Article: Friday, 26 April 2024

Businesses are keen to know why customers often repeatedly delay getting on with doing quick online tasks like booking appointments, placing orders, or submitting reviews and feedback. Knowing how to increase customer engagement at moments like these is what prompted PhD candidate Libby Chun to measure how businesses can lessen repeated acts of procrastination – simply by asking consumers to think about the time a task might take. Her paper, Mind over minutes: The effect of task duration consideration on task delay, co-authored with Dr Christophe Lembregts and Dr Bram Van den Bergh at Rotterdam School of Management, Erasmus University (RSM), has been published in the Journal of Consumer Psychology, and also won the prestigious ACR/Sheth Dissertation Award in 2021 for public purpose consumer research. The results of their research suggest this easy-to-implement method could increase customer engagement. There are also benefits for governmental agencies that might otherwise be unaware of this intervention – which is why that aspect was included in the study, commented Libby Chun.

In marketing, it’s accepted that letting customers know how long a task will take reduces the delay in doing it, but that effect hadn’t yet been measured until Libby Chun and her co-researchers conducted experiments with tasks like reviewing data management policies and submitting tax forms. These online tasks lasted between two-and-a-half minutes to an hour. 

Procrastinating with tasks like these is a widespread and well-known problem; it affects individuals, organisations and businesses because it causes delays. “We recognised that asking people to consider the duration of a task is a popular strategy for overcoming procrastination, but there was limited empirical evidence supporting its effectiveness. So our study aimed to explore whether emphasising the duration of the task genuinely reduces the delay. Our goal was to offer practical insights for improved productivity and to help businesses aiming to enhance customer engagement,” said Libby Chun.

“Our research reveals that prompting consumers to think about how long a task might take, either through providing an estimate or asking the consumer to estimate it, does indeed lessen the delay in doing that task, regardless of how long it takes,” she said. 

 

Triggering the ‘know how’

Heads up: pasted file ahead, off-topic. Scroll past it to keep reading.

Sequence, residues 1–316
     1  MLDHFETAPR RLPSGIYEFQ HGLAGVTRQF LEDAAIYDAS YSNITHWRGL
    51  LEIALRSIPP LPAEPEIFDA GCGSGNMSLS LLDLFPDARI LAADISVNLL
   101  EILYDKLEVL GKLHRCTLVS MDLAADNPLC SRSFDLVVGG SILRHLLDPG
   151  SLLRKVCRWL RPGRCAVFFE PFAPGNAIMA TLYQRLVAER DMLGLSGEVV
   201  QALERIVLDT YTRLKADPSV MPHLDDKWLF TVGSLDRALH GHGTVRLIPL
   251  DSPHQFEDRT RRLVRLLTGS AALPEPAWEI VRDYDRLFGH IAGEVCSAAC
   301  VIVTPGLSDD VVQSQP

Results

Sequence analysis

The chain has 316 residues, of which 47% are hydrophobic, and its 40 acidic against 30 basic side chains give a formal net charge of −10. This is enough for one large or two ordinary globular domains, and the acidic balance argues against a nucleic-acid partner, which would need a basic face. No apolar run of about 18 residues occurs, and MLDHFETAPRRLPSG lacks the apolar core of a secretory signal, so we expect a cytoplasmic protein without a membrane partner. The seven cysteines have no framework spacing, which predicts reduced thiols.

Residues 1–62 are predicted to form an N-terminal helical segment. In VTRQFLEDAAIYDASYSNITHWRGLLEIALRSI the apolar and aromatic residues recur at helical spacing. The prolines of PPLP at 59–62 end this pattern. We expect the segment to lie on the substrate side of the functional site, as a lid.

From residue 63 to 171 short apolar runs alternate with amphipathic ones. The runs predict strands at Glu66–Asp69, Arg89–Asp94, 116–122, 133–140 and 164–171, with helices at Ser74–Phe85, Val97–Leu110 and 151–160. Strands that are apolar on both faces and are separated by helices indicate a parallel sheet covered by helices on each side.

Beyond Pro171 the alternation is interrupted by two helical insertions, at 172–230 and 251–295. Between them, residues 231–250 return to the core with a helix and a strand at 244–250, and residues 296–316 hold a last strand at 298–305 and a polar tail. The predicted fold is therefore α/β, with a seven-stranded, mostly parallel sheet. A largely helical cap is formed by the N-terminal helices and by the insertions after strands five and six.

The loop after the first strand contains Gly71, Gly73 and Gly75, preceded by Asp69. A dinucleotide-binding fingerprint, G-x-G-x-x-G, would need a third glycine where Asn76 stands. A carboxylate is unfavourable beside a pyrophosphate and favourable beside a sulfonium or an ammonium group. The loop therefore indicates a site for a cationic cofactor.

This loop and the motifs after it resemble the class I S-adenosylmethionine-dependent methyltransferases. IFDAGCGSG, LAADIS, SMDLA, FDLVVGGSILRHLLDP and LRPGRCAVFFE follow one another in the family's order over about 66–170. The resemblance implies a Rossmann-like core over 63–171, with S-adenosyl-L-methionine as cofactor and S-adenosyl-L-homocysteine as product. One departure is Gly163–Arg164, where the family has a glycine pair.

“When consumers consider how much time it will take, this triggers their procedural knowledge – the knowledge that they already possess of how to do the task. The ease of evaluating the duration is found to be a key factor in this process,” she explained.
 
“When individuals consider the duration of relatively short tasks of up to an hour that can be done in one sitting, it significantly reduces their tendency to procrastinate. This positive effect is attributed to a shift in mindset. Consumers go from contemplating 'whether to do it now' to realising they already know 'how to do it'. This is the effect that contributes to an increase in the rate of the task being initiated.”

The results of this paper suggest this is an easily implemented method that could increase customer engagement.


The key is ‘how long will it take?’

The insights that Libby Chun and her co-researchers got from their research are beneficial for businesses as well as for policy makers and governmental organisations that want to encourage timely behaviour such as scheduling medical visits or submitting tax and financial information. The information is also useful for operational managers who want to enhance the management of tasks to make sure they are completed on time.

“Our research holds valuable implications for businesses aiming to improve customer engagement. It shows how important it is to include information about the duration of a task into your online interactions – for example when you ask for customer feedback, or invite customers to make an appointment, or ask for consent on a form,” said Libby Chun.

There are also benefits for governmental agencies and the customers who use them – those groups might be less aware of this intervention than people in business and sales. That’s why we deliberately studied these decisions in our research
Y. (Youngjin) Chun
PhD Candidate
Rotterdam School of Management (RSM)
Erasmus University Rotterdam
Photo
Youngjin Chun

People recognise the importance of considering how long the task will take but they still often neglect it when procrastinating. “We explored this inconsistency and found that encouraging people to contemplate the duration of a task does indeed reduce the number of times they repeat their delaying tactics, and improve the rate of actually completing the tasks.”

dr. C.J.P. (Christophe) Lembregts
Associate Professor
Rotterdam School of Management (RSM)
Erasmus University Rotterdam
Photo
Christophe Lembregts
dr. B. (Bram) Van den Bergh
Associate Professor of Marketing
Rotterdam School of Management (RSM)
Erasmus University Rotterdam
Photo
Bram Van den Bergh
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